Mt. Evans Group from the top of Elephant Butte
Looking down on Evergreen Lake from Elephant Butte
Thanks to the Mountain Area Land Trust for doing what it can to make sure there's room for elk in the foothills and beyond, even as we squeeze more and more people into their habitat.

This modest sized bull and his harem of cows and yearlings were grazing in our 'hood Sunday.
Thanks for reading.

Monday, October 22, 2012

One of Those Runs

Have you ever had one of those where the minute you step onto the trail, you know you're going to have a great run?  A run where the climbs are effortless and one seems to have boundless energy.  A run where the descents are fluid, the foot placement is confident and solid and the quads absorb without complaint all the punishment one can dish out.  A run where you finish your run at top speed and do a subtle fist pump and think to yourself, "That was GREAT!"

I've had those kinds of runs before...but not yesterday.  My 9.5 mile ascent/descent of Bergen Peak in Elk Meadow Open Space was a slog.

Funny thing was that it started out good. It was a perfect fall day. I climbed well up the Bergen Peak Trail, but as soon as I hit the hidden little social trail that climbs the south side of the final stretch to the top, things got tougher.

Looking south(ish) from near the summit of Bergen Peak
By the time I got home, I was feeling like I ran 30 miles, rather than less than 10. Not sure what it was, but the last hour on the trail felt like three.  Still, on such a beautiful day, there's few other places I would have rather been.

All-in-all, though, a fine, fine weekend doing things that matter:

Hiking in the Bergen Peak State Wildlife Management Area with CP and dogs Maya and Cisco.

CP and Cisco with Mt. Evans in the distance.
Watching the amazing colors of a Saturday night sunset from the deck at the house.

Flying high with jP on Sunday afternoon.

Life is good.

Friday, October 19, 2012


Between work and family obligations and the grind of trying to squeeze runs in between it all, I have been starting to feel the pinch...that feeling that you're not doing anything well and constantly rushing to be only moderately late to something.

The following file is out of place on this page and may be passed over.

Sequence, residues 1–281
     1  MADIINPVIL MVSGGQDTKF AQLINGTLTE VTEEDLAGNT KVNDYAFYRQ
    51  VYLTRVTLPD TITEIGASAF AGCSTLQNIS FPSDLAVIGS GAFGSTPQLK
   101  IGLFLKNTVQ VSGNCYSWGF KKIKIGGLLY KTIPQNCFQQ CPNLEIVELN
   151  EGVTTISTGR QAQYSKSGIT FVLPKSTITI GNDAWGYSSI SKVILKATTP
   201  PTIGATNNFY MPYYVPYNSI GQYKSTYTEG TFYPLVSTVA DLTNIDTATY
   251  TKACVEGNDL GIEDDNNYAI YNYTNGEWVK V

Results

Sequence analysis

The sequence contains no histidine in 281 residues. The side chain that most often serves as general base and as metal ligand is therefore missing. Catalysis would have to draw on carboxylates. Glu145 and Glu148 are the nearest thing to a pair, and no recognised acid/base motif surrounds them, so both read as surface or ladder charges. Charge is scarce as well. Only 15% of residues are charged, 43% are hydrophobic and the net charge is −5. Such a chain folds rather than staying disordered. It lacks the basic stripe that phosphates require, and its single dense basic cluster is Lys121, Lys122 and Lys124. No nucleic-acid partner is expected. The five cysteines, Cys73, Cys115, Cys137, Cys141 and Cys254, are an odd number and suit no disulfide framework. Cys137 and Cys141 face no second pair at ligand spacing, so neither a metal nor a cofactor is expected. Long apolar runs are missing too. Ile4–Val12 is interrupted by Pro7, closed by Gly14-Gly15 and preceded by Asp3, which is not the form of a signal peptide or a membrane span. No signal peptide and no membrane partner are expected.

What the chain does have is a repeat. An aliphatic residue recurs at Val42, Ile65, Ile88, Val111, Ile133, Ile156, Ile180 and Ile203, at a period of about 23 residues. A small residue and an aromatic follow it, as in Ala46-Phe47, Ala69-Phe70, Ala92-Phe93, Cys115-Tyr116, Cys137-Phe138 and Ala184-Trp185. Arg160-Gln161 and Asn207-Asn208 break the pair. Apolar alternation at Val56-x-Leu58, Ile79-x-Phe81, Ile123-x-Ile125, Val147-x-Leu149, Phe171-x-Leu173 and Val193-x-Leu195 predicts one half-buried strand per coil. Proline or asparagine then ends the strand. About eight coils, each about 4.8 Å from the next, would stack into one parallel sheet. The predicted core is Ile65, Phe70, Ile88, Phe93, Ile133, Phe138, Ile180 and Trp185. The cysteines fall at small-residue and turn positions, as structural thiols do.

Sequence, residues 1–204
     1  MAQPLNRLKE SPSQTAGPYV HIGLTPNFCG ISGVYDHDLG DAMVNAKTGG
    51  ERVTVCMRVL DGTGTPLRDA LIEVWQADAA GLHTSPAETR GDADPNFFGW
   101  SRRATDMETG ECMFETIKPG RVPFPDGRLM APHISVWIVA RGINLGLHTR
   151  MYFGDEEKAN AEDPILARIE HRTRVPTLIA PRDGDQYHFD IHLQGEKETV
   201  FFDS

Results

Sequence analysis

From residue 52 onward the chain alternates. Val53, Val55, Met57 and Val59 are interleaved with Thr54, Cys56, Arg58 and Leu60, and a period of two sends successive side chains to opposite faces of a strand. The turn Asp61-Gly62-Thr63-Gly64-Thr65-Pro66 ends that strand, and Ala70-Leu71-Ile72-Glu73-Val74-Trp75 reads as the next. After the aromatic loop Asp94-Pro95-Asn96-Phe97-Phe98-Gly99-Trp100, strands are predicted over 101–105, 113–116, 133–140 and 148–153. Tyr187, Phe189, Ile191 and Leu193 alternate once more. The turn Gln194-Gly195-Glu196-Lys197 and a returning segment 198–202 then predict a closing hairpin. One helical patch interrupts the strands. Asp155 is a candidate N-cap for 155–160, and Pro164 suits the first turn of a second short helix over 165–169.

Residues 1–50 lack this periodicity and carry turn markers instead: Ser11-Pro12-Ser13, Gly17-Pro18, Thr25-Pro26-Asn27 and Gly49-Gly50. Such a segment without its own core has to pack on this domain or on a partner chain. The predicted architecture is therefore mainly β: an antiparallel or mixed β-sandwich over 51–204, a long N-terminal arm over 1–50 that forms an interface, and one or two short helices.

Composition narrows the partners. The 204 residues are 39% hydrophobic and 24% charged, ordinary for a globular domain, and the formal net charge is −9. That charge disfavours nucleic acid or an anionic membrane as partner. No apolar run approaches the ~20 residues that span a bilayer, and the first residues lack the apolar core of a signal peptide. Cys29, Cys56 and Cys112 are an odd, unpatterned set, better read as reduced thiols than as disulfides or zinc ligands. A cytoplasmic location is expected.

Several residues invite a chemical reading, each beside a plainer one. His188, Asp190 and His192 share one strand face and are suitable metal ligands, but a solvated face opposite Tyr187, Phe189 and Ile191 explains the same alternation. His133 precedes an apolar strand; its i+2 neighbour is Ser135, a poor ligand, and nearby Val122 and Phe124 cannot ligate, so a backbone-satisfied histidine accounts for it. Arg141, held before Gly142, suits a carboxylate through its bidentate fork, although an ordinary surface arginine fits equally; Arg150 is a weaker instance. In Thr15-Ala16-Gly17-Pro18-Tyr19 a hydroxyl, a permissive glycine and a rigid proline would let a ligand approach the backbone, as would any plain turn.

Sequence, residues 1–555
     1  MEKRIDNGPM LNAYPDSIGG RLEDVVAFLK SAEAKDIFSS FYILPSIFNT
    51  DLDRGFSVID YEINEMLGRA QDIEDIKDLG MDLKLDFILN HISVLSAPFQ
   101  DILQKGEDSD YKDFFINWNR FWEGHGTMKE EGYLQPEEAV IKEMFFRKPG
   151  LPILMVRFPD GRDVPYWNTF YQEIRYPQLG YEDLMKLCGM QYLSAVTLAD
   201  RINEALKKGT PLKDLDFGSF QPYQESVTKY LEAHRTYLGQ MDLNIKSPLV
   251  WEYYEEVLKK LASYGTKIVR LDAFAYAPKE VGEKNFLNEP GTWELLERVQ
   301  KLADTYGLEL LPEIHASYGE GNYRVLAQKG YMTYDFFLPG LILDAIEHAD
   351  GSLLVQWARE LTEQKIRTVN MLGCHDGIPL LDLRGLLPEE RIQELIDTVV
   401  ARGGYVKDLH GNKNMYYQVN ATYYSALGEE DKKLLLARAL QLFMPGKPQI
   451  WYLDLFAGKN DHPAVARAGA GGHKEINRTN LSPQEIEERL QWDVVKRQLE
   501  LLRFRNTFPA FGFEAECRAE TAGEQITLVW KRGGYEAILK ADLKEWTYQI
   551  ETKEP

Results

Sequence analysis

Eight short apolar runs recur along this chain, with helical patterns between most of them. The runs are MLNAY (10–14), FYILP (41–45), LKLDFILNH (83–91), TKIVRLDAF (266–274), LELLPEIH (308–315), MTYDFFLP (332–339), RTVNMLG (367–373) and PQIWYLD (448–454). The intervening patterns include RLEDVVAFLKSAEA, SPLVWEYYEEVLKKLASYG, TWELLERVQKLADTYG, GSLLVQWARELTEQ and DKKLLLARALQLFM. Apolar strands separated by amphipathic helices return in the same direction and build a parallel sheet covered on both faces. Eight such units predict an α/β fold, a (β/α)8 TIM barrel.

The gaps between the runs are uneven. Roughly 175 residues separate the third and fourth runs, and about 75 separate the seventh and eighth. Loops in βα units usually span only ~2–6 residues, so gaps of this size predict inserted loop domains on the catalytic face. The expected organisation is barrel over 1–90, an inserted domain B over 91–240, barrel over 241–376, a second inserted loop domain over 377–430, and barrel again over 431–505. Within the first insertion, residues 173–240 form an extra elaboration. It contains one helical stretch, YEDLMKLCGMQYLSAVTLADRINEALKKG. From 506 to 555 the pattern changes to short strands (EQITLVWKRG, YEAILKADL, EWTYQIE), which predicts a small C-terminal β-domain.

As a result, my head has usually been somewhere else, and my body has just been along for the ride.

Add to all that the fact that winter is coming and the wind soon will be bitingly cold and our trails will be snow-covered.

Early this week I decided it was time to do something to recharge the mojo a bit.  So, I took yesterday afternoon off of work and headed to the hills.

Looking down Eldorado Canyon toward Denver.
I started my recharge run at the Fowler Trailhead south of Eldorado Springs and climbed into Eldorado Canyon State Park. The wind was really whipping as I ran through the old narrow gauge railroad cuts. By the time I got to the trail above the visitors center that leads to Walker Ranch, the winds had died down and I settled into a meditative, relaxed pace.

From there, I climbed over to the Walker Ranch connector trail and descended down to South Boulder Creek and started the 7.5-mile Walker loop running clockwise.  About this time, I started looking at my watch, wondering if I was bitting off too much since I had to pick up jP at school at 3:30 p.m.

Views of the Indian Peaks from the Walker loop trail.
I quickly decided I would have just enough time and disappeared back into my head.

This was my first trip back to the Walker loop in years. I used to mountain bike this loop regularly when I lived in Boulder. I really enjoyed the modest grades and mostly non-technical trails. I just ran easy and focused on enjoying the sounds of pounding feet, the feeling of a cool breeze on warm skin and the Zen of moving unhurriedly up and down hills under one's own power. Recharging.

The mouth of Eldorado Canyon as the afternoon shadows march down the canyon walls.
As expected, I got back to my car exactly on time. I was depleted, though.  With my focus on recharging, I neglected to refuel. I was out for about 18(ish) miles, 4,200 feet of elevation gain and 3:20 and only brought two gels...not enough for me on this day.

Still, driving down Highway 93 on my way to pick up jP, my mind was in a better place, more relaxed and positive...maybe even rejuvenated.

Friday, October 12, 2012

Gateway to the West

I spent the bulk of the week in St. Louis at a work meeting. Got out for a couple of runs from our downtown hotel.  A few pics from the week.

Wednesday: 4.5 miles. Squeezed in a quick run from the hotel over to check out the 630-foot tall St. Louis Arch. The last and only time I saw this was when we drove the moving truck from Washington, D.C. to Colorado. It was neat to see it close up. I had some fun w/ the iPhone camera trying to get some neat angles and trying to capture the sun striking the silver arch.